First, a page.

Imagine now that I’m compelled, on pain of being called a bigot, to memorize individual pronouns along with those individual names. It’s never going to happen. And I’m not the only one with this problem.
Also, does my calling you she make you any less a he? Does my calling you he or she force you to be any less ambiguous? No one is going to tackle you and make you play football just because you call yourself “he.” No one is going to give you a test on your knowledge of fashion just because you call yourself a “she.” And if you want to call yourself an “it” and lecture us on how “it” can be a person, go for … well… it. I’ll try to remember.
But I’m not going to use any crazy, personal made-up pronouns.
Your parents were wrong. Misspelling your name, or naming you a random assemblage of syllables, or even giving yourself a random sound as a pronoun is not in fact what makes you unique. It certainly shouldn’t be the only thing that you’re proud of.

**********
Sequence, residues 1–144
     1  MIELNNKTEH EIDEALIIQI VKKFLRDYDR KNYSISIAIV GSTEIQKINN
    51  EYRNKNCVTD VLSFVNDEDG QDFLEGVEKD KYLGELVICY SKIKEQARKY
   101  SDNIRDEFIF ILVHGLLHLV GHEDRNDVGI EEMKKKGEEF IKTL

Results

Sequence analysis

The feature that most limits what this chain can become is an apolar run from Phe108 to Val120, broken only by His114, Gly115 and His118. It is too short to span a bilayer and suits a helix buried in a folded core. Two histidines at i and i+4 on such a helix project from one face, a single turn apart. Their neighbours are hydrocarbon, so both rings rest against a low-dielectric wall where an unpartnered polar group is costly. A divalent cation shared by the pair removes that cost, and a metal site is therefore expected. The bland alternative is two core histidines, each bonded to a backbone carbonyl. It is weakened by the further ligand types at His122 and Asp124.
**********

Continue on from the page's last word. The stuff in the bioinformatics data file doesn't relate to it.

A person who has sources of self-worth, even if those are – just – being able to earn his living and survive in the world doesn’t worry too much about what pronoun others use for him, or even her.
If the only thing that makes zyr unique is eim’s pronouns, xer has more problems than some stranger using the wrong pronoun.